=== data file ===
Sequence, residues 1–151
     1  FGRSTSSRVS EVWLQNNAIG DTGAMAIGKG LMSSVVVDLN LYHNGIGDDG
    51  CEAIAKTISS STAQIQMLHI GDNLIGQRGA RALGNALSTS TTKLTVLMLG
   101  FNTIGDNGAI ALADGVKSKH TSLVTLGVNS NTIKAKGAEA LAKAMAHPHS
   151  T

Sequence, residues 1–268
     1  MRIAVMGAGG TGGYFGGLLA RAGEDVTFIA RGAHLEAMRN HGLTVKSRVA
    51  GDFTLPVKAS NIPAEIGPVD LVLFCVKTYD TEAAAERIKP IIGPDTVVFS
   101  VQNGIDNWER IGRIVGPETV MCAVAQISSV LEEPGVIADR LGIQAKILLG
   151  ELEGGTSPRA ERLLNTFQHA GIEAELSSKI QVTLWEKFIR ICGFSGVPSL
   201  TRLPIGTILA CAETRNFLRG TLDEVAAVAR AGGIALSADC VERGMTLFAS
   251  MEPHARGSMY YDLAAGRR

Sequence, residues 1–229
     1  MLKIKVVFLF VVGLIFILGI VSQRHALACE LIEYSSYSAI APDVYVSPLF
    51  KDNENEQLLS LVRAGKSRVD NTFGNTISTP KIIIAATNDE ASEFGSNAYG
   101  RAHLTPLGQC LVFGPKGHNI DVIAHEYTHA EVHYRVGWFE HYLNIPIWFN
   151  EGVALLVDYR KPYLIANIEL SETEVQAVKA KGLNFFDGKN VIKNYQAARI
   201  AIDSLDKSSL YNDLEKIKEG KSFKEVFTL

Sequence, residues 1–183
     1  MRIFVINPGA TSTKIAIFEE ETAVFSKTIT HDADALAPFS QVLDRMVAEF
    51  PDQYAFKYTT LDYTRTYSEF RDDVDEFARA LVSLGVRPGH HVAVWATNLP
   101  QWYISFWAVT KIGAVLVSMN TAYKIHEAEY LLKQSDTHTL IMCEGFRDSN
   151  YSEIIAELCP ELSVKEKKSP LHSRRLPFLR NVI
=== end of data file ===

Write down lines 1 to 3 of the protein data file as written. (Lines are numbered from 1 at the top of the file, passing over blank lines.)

Sequence, residues 1–151
     1  FGRSTSSRVS EVWLQNNAIG DTGAMAIGKG LMSSVVVDLN LYHNGIGDDG
    51  CEAIAKTISS STAQIQMLHI GDNLIGQRGA RALGNALSTS TTKLTVLMLG